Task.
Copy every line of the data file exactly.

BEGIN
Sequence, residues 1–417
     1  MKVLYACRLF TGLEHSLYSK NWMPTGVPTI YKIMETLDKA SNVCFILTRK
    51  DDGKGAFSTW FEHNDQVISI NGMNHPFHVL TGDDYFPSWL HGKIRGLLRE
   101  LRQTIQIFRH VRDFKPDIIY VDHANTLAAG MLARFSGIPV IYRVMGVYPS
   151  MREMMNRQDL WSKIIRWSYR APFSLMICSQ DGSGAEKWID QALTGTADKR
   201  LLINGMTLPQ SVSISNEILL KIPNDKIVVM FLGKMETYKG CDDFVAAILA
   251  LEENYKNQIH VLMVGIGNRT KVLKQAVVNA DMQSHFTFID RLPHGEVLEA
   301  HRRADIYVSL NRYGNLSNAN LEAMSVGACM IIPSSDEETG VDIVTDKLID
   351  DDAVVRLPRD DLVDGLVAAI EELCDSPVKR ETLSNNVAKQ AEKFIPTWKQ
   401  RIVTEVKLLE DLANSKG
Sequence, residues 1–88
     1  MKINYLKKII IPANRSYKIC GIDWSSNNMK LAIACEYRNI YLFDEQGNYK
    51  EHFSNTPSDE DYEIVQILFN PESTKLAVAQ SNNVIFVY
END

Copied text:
Sequence, residues 1–417
     1  MKVLYACRLF TGLEHSLYSK NWMPTGVPTI YKIMETLDKA SNVCFILTRK
    51  DDGKGAFSTW FEHNDQVISI NGMNHPFHVL TGDDYFPSWL HGKIRGLLRE
   101  LRQTIQIFRH VRDFKPDIIY VDHANTLAAG MLARFSGIPV IYRVMGVYPS
   151  MREMMNRQDL WSKIIRWSYR APFSLMICSQ DGSGAEKWID QALTGTADKR
   201  LLINGMTLPQ SVSISNEILL KIPNDKIVVM FLGKMETYKG CDDFVAAILA
   251  LEENYKNQIH VLMVGIGNRT KVLKQAVVNA DMQSHFTFID RLPHGEVLEA
   301  HRRADIYVSL NRYGNLSNAN LEAMSVGACM IIPSSDEETG VDIVTDKLID
   351  DDAVVRLPRD DLVDGLVAAI EELCDSPVKR ETLSNNVAKQ AEKFIPTWKQ
   401  RIVTEVKLLE DLANSKG
Sequence, residues 1–88
     1  MKINYLKKII IPANRSYKIC GIDWSSNNMK LAIACEYRNI YLFDEQGNYK
    51  EHFSNTPSDE DYEIVQILFN PESTKLAVAQ SNNVIFVY